Ditch the tablet at bedtime! Children engage more with stories if they’re read from a real book, study claims
- Children engage more with stories read from a book rather than a tablet – study
- It found that parents talked more to their children when reading them a real book
- Youngsters also responded more to this conversation than if a tablet was used
- Researchers at the University of Michigan studied 72 parents and their children
Many families with young children now own a tablet and some use them for bedtime stories or as an educational tool to help youngsters learn.
But a new study suggests that it may be time to ditch the devices for such use, after finding that children actually engage more with stories if they’re read from a real book.
Researchers in the US compared the use of tablets with traditional children’s books in a study involving 72 parents with young children aged 24 to 36 months.
They found that parents talked more to their children when reading them a real book, while children also responded more to this conversation than if a tablet was used.
A new study suggests that it may be time to ditch tablets for bedtime reading, after finding that children actually engage more with stories if they’re read from a real book (stock image)
WHY ARE GIRLS BETTER THAN BOYS AT READING AND WRITING?
Research shows that girls typically score better than boys in standardised literacy tests.
The trend is seen as early as age 10 and continues until the age of 18.
Previous research has shown women and men use their brains differently.
Girls use both brain hemispheres for reading and writing, while boys typically rely on just one.
Boys are also exhibit more disruptive behaviours than girls in the classroom.
They are more likely to be inattentive and interrupt teachers.
Scientists also suggest that reading and language are seen as feminine skills, even from a young age.
This means boys are less likely than girls to push to improve these skills.
This is important because parent-child interactions are crucial to future developmental outcomes in language, friendships, and school success, researchers said.
They added that distractions such as animations, ads and other pop-ups on electronic tablets were partly to blame for the lack of engagement between children and their parents.
The study, carried out by the University of Michigan, used three Fisher Price nursery rhyme apps — all of which have been downloaded more than 1 million times on the Google Play Store — and books with the same text.
Among the stories were The Itsy, Bitsy Spider; One, Two, Buckle My Shoe; Row, Row, Row Your Boat; and Hickory Dickory Dock.
Researchers said they chose the apps because ‘they naturally elicit turn-taking (eg, a child completing a stanza the parent started) and gesturing compared with other toddler-directed apps’.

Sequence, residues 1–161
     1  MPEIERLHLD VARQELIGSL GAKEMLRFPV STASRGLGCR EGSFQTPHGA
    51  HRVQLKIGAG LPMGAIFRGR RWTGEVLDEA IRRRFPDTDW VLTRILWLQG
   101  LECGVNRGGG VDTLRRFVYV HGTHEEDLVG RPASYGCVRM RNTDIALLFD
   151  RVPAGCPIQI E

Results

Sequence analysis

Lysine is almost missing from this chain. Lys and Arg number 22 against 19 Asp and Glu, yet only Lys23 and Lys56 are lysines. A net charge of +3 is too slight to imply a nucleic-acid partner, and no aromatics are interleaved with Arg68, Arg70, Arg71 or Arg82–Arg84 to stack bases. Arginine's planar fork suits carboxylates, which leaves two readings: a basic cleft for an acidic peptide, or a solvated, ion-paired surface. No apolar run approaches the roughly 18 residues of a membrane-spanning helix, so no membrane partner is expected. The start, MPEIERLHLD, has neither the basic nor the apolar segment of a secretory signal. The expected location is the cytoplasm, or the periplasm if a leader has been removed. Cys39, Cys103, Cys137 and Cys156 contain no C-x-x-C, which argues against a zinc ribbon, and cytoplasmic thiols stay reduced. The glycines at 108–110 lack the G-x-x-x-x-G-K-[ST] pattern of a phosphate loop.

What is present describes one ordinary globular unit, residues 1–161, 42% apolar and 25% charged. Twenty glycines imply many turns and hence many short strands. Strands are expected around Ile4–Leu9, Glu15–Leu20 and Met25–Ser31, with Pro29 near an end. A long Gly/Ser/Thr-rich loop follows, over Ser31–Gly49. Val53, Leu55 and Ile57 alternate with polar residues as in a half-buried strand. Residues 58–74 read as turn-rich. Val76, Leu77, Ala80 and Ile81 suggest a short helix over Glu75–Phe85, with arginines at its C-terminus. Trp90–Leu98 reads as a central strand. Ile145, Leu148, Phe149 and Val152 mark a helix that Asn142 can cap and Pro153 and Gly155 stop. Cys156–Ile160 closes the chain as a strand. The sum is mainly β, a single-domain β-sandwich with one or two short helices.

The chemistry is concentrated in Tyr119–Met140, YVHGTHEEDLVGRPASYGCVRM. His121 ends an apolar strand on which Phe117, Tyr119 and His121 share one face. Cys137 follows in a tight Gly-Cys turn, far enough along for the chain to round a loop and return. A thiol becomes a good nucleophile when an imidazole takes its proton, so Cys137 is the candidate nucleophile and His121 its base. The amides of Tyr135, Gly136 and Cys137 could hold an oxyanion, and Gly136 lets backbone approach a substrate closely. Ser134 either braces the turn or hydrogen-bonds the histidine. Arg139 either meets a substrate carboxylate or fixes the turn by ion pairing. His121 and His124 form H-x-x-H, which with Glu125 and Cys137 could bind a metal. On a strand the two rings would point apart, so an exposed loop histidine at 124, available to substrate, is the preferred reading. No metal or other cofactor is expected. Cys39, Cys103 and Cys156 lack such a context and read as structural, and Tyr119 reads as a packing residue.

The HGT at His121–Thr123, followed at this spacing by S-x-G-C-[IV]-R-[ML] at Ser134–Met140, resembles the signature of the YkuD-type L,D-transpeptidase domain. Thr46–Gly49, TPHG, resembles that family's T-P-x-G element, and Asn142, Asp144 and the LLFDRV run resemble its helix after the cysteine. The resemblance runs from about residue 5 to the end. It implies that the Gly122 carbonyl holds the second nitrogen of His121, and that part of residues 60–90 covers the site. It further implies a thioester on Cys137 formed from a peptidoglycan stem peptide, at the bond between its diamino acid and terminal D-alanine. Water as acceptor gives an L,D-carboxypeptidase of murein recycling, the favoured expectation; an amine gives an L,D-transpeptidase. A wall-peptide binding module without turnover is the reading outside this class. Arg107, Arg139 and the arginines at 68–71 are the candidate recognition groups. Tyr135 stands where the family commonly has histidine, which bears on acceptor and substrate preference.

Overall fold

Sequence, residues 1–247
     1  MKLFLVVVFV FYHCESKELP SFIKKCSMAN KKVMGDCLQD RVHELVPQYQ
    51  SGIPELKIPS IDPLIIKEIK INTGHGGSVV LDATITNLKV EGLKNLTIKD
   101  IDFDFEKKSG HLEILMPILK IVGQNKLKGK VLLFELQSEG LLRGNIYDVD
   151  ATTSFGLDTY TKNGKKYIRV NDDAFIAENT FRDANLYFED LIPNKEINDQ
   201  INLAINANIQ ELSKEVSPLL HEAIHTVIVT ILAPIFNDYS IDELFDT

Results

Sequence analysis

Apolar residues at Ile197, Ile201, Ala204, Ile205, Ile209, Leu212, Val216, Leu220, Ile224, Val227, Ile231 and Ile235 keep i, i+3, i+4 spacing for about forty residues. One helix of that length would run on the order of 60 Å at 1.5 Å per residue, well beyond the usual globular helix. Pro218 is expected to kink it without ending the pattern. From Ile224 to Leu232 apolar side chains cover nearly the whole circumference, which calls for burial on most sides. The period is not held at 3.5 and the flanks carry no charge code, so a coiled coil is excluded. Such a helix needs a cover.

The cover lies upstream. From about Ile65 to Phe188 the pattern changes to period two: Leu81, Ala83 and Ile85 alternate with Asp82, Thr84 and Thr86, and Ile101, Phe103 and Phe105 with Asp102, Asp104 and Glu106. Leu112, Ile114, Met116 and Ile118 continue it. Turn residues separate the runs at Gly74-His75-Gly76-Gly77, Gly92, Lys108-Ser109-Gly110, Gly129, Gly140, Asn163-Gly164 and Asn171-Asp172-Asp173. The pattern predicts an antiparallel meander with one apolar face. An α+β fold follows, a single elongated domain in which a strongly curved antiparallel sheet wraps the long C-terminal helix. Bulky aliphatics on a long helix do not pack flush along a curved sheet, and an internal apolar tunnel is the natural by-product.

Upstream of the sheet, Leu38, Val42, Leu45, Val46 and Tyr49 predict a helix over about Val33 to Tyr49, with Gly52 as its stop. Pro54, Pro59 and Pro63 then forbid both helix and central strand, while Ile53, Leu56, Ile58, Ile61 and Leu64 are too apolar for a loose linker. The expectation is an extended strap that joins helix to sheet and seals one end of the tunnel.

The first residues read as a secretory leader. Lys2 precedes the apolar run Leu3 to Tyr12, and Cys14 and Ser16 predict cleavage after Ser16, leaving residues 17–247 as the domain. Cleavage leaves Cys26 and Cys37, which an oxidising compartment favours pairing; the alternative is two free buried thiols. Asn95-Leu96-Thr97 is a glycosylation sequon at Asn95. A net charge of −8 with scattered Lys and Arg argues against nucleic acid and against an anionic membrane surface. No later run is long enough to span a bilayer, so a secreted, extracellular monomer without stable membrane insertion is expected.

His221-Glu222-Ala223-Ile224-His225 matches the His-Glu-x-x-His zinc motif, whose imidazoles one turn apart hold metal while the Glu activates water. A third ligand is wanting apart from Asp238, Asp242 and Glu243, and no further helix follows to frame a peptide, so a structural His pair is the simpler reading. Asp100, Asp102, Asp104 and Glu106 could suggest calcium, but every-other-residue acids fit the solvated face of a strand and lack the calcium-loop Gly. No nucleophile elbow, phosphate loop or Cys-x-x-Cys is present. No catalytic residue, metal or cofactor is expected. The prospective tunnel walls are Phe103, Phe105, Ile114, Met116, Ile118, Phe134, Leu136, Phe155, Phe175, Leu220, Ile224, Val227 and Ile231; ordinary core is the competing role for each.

Of the parents who took part in the study, 93 per cent were mothers.
‘Parent-child interactions are central correlates of future child developmental outcomes (language, peer relationships, academic achievement), which are shaped by several aspects of the environment, including digital media,’ the authors wrote.
‘We found that toddler responses to parent verbalisations (a central aspect of parent-child conversational reciprocity) was lower during use of tablet nursery rhyme apps compared with a print book use.
Researchers found that parents talked more to their children when reading them a real book, while children also responded more to this conversation than if a tablet was used (stock image)
‘Not only were parent verbalisations toward toddlers less frequent in the tablet conditions but also a majority of these verbalisations were ignored by toddlers and to a more substantial degree when using tablets compared with a print book.’
Youngsters more prone to emotional outbursts also responded to their parents better when reading from a book compared with a digital device.
Researchers concluded that software designers should integrate feedback from trained early childhood specialists to make e-books more educational for children, while eliminating distractions such as animations, ads and other pop-ups.
‘Tablets and mobile devices are prominent fixtures in modern family life, and app design features can impede children’s responses despite parent’s efforts to engage their children in developmentally enriching conversation,’ the study’s authors said.
They added that parents should also co-view digital media with their children, asking questions and talking to help their children engage and learn.
The research has been published in the journal American Academy of Pediatrics.
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